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How SOPA can hurt sports

In the past week or so Ben has been doing a good job of covering the issues surrounding the Stop Online Piracy Act (SOPA) on this blog (post 1, post 2) and on the podcast. It's a piece of legislation that has the potential to substantially regulate the internet and the way we interact with the internet's content. Today companies around the web are blacking out their content in protest of the legislation in hopes of raising public awareness.

GOOD has recently pointed out a way that SOPA can affect us that I hadn't previously considered. It has the potential to severely hamper the way we interact with professional and college sports:
Of all the ways technology has changed the sports world, the ability to post and watch game footage online is arguably the biggest. It wasn’t that long ago that you actually had to see a game to see its greatest play. Even after ESPN became “The Worldwide Leader,” missing SportsCenter meant missing the play that everyone would be talking about the next day. Now? You can find at least half a dozen versions of any important play—ranging from shaky FlipCam images of someone’s TV to footage swiped from an illegal streaming website—on YouTube within half an hour. That shift has made sports fandom way more fun, and SOPA’s sponsors want to take it all away.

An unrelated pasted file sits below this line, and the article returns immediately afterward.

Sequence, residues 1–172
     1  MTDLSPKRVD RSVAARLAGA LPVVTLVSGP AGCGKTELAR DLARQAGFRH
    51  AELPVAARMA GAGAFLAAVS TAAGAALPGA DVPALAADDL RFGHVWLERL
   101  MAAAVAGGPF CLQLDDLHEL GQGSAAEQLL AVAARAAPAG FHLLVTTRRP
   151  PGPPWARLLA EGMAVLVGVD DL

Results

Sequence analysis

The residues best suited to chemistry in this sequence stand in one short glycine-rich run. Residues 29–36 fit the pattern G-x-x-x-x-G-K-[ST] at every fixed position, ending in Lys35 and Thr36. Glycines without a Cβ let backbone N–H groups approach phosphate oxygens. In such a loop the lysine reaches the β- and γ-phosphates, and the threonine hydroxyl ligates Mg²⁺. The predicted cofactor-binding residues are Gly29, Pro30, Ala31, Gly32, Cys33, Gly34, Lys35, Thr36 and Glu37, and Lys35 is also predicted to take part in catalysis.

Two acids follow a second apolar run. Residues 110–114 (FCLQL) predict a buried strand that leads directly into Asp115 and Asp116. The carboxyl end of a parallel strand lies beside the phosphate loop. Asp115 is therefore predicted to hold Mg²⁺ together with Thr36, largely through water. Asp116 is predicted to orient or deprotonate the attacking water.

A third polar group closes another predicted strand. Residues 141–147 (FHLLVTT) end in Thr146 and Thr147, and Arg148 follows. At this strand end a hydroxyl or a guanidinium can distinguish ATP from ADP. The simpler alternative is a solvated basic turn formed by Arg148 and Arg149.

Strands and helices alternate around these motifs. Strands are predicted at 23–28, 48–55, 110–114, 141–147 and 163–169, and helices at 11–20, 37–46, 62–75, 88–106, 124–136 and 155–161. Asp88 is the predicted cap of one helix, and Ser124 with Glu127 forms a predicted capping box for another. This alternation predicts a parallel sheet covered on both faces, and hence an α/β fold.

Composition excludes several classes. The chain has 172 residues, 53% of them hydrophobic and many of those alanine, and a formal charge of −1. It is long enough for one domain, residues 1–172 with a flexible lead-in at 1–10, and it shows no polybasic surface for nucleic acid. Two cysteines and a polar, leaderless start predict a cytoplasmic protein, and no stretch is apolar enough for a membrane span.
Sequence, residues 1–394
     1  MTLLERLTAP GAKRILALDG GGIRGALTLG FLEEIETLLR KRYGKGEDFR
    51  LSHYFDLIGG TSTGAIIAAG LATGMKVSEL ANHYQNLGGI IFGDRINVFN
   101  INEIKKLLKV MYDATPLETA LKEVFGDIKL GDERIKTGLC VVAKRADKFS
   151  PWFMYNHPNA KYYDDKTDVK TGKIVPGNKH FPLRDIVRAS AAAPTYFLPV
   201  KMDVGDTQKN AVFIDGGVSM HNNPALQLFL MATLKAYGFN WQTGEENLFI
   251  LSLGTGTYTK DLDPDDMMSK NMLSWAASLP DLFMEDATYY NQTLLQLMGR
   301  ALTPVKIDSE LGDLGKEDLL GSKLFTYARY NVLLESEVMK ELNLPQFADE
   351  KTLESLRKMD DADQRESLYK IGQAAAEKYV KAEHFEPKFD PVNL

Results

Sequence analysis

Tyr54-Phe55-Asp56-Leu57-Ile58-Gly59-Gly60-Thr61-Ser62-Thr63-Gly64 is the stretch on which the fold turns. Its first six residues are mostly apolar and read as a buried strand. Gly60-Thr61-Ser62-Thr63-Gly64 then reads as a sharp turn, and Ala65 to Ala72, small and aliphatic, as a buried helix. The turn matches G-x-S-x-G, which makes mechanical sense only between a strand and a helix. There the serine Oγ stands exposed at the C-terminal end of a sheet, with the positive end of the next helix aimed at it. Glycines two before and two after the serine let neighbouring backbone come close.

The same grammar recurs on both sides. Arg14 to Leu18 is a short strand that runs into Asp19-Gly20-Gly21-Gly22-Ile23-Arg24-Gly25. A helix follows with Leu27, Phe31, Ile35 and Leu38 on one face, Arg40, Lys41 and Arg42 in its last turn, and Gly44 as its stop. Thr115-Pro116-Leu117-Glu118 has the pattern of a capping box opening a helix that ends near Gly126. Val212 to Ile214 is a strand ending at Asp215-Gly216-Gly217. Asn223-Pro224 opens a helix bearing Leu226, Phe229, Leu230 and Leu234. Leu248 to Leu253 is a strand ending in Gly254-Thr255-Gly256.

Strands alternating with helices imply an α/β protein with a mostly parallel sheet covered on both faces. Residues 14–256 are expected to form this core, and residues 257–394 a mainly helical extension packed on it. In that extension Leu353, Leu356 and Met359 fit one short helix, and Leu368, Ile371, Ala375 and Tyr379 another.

I know I shouldn't be surprised, but ESPN and all four major sports leagues are in support of this legislation. So the people who make the content don't feel they are getting enough revenue and they are willing to restrict your access to it in hopes that they can make more. Take our internet, fine. Take our football! Now you've got our attention!

This post originally appeared on Stuff Smart People Like. Subscribe to the Podcast.

1 comment:

  1. This would indeed affect me. I rarely get to see all of the sports that I want due to busy schedule. I routinely find plays and highlights this way. Mainly because I don't want to sit through about 20 minutes of other crap and ads to see the 1 play that I want on or espn.